Teaching in 2020 poses challenges
Millions of youngsters are getting antsy about now. Their parents are too. High school and college students are sifting through emails, texts, videos and other media to check assignments and to zoom in on their virtual classroom. The second half of the spring semester has been quite a taxing time for everyone.
The novel coronavirus chose its own time to raise its ugly head to begin its deadly trek around the globe.
For elementary through secondary schools, teachers were in their spring conferences and high school seniors were getting robes and planning proms.
College students were coming back from spring break, and no student takes textbooks or supplies with them during break.
Fast-forward to March 16, 2020. North Dakota schools began closing campuses due to social distancing needs. Parents scrambled and wondered: “The kids are home and need to be educated ... so what is my role?” Jobs were left “temporarily” because that’s what parents do to stay home with the kids. But not every family has Wi-Fi or even a computer. And what parent expected to be home-schooling on St. Patrick’s Day?
College students who were on campus March 14 or 15 were just getting settled back into their dorms and getting ready for classes to resume. Some students were still on the road, traveling from athletic meets, tours, vacations abroad and flying back from home.
Nobody would have expected they’d have to stop in place and suddenly leave campuses. Nobody.
Parents were awaiting directives from school leaders while college students had to find ways to get home. It was an effort of simultaneous coordination and chaos. By March 23, most parents had some kind of plan laid out, and college students had either gotten back home or were in the process.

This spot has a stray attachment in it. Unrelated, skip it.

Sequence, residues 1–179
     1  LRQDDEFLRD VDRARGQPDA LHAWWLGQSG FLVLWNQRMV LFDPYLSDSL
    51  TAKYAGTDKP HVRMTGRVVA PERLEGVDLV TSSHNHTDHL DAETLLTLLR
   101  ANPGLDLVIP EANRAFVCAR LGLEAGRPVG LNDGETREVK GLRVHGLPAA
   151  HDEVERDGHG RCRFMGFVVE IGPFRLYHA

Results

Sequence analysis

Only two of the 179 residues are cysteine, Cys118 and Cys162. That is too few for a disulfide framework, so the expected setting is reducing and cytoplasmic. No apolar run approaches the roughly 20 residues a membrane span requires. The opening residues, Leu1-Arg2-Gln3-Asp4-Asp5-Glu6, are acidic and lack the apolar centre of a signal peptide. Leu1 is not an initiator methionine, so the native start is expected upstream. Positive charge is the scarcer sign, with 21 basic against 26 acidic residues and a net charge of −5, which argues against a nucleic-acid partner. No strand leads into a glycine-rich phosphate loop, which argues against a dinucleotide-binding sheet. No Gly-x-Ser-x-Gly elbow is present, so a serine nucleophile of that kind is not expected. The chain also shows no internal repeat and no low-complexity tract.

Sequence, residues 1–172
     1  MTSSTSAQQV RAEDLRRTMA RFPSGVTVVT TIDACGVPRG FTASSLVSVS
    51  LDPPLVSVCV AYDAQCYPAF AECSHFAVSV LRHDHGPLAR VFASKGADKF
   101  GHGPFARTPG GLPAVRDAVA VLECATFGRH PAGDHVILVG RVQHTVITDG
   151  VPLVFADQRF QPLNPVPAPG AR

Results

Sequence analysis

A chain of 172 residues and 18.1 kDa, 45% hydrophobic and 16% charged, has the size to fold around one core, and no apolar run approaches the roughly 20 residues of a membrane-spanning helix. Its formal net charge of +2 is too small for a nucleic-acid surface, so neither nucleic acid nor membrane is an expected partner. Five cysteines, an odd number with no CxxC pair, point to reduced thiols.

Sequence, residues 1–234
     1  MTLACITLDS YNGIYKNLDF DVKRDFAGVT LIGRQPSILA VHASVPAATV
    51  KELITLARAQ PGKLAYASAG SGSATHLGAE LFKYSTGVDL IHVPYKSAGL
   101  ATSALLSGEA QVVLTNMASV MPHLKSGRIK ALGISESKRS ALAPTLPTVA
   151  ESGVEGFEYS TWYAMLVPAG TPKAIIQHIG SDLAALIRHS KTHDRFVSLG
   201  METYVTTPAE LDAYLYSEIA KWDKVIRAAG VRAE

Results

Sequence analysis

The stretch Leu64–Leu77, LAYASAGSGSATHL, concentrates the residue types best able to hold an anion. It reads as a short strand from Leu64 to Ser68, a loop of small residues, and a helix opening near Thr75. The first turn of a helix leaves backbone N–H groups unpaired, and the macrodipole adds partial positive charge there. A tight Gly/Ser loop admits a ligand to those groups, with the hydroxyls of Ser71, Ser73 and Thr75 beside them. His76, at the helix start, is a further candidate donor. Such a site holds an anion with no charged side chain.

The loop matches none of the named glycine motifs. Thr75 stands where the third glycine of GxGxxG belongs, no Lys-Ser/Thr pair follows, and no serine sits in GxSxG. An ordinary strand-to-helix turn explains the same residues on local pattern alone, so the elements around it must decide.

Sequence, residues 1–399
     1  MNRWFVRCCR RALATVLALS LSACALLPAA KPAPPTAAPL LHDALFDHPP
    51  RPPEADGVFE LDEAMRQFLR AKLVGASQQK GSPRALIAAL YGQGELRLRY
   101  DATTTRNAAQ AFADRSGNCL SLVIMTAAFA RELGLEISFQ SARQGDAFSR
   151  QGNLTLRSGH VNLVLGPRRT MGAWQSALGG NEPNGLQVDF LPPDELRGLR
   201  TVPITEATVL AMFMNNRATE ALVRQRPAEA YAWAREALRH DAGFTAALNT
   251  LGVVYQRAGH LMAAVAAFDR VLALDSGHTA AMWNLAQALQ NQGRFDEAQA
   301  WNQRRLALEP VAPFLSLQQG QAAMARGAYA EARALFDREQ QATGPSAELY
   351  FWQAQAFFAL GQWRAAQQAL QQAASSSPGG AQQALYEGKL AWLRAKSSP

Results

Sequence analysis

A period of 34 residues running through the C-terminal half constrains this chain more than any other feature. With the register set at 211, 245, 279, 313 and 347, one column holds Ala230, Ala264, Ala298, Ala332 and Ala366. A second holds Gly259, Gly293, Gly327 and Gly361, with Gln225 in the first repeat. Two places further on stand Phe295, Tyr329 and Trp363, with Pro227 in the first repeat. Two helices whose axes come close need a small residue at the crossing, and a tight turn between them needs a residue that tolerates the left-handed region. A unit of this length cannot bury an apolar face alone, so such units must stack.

Then education resumed, right? Well, maybe not. Without face-to-face interaction, some people just don’t have the skills to self-start. Some need their peers to prod them on, and others need a firm nudge just to get them out of bed.
Art students don’t take their supplies or books with them over break. They are coming back to get ready for the art show. But their art exhibit was canceled. Sports events were canceled. Graduation was postponed. For a time it was pure chaos.
But life has not been canceled. It will come back and be valued in a different way. They and we are getting a different kind of education. We are learning about preparation, organization, science and medicine, how to protect others by isolation, and we’re learning that some people cannot isolate. These are unplanned lessons, but needed. We have been focused far too long on ourselves.
The novel coronavirus is teaching us what it takes to be a leader, a caring person, and the sacrifices many people make to keep our social structures running. How many people think about the people who keep Jamestown functioning, our grocery and drug stores stocked? How often does the risk of working at a clinic or a hospital come to mind? We all focus on ourselves. But without the men and women putting together the news, we’d not be able to read it or hear about it. Do we think about cable services or the delivery people? Usually we don’t unless something doesn’t work. During this time, the behind-the-scenes people are those who have kept the heart of Jamestown beating.
Our thanks go to those who serve on the front line of every city, whether during a pandemic, a flood, or when it’s sunny and calm outside. You are the heartbeat of our lives. Without you we could not function. We all are getting a different kind of education this spring. Sometimes it’s a hard one. To those who have and do serve, we thank you. You are teaching us powerful lessons we didn’t know we needed.
If anyone has an item for this column, please contact Sharon Cox, PO Box 1559, Jamestown, ND 58402-1559.